Saturday, December 29, 2012

First Cousin

It was a cold night near the end of 1991. I'd finished berating myself for being a chickenshit wimp, done with giving myself a pass because my dad had died just a few months earlier. I showered, dressed, and drove away from home into the night to Saint John's Hospital in Oxnard, California. I was born there. But for the next few nights, I would keep my cousin Jimmy company. Jimmy was my closest cousin on my mom's side, so it was only right that I would join him at the hospital to watch his dad die.

My uncle Owen was fast losing his fight against prostate cancer. A big, tough man, he'd ignored symptoms until the cancer spread.

I hadn't seen Jimmy in over a decade.  He'd moved to Houston and had nearly severed ties with the family. It didn't feel the same at first; that old cousin bond seemed gone forever, but in the next few nights, it came back.

When my Uncle Owen took his last breath, I stood next to Jimmy. I didn't know what to say, so I just hugged him. My aunt Wanda, Owen's sister, and my uncle Marvin, a retired Navy chaplain, stood weeping in the room with us.

Jimmy left to go home to Texas soon after Owen passed. He didn't offer an address or a phone number. It seemed obvious that he intended to disengage himself from family ties once again. I didn't know why. I still don't.

Jimmy called the night before he left. When I asked him for an address or a phone number, he just changed the subject. But, before he hung up, he said, "Dude, I love you. You've helped me more than you know."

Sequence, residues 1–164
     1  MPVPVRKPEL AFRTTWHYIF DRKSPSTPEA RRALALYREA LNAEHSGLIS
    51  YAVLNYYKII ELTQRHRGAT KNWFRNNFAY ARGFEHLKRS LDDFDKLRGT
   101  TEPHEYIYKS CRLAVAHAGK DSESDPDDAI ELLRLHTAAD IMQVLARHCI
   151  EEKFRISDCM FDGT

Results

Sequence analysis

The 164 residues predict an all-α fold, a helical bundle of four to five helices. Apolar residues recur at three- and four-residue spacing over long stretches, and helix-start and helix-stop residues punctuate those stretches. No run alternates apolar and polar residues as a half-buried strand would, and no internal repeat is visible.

It would be the last time I spoke to Jimmy. My mom told me a couple of years later that she thought he might be in prison, but that the news was sketchy.

I learned yesterday that Jimmy died six years ago, at the age of fifty. No word about the cause of death, or whether he'd left a wife or children behind. Darkness always seemed to rest on Jimmy's shoulder, and I wondered if light had left him for good.

I felt like I halfway grew up with Jimmy. He was my cousin, the same age, and my friend. We did lots of crazy, stupid stuff together. But at the end, he died a stranger, wrapped in mystery.


Bob said...

That's too bad. I know part of you grieves for what might have been. But you were a good cousin and a good friend to him; the rest was up to him and he chose to shut you out, for whatever reason.

Kelly said...

This is sad and I'm sorry, Hal. I agree with what Bob said, though.

Debby said...

My cousin was airflighted to the hospital for the second time. He was in a freakish car crash w/ survivable injuries. A car coming the other way hit a deer which then slammed into his windshield, coming through, and exploding inside his truck. He now has a bacterial infection, which is thought to have its origins in the deer. He's been in ICU for 17 days now, three surgeries, in a drug induced coma, paralyzed so that he won't fight the breathing tube. It strikes me that as well as I love my aunt and uncle (his parents), there are times when a family become strangers, separated and isolated by our own grief.

Mary Paddock said...

Hal--So very sorry. You did as much as humanly possible. It's hard when people choose to withdraw from us under ordinary circumstances, but worse when we don't get a second chance to say goodbye. My husband lost a cousin (who was a childhood friend) under similar circumstances back when we were in college (lost touch as their lives took dramatically different directions). He said that the young man who'd died was a stranger, but the boy who'd been his childhood friend was still alive in his heart and mind.
The boys and I are still treated to "Gary and Tim" stories from time to time.

quid said...

And at 50. How sad. Lots of my cousins are strangers too. Distance and time....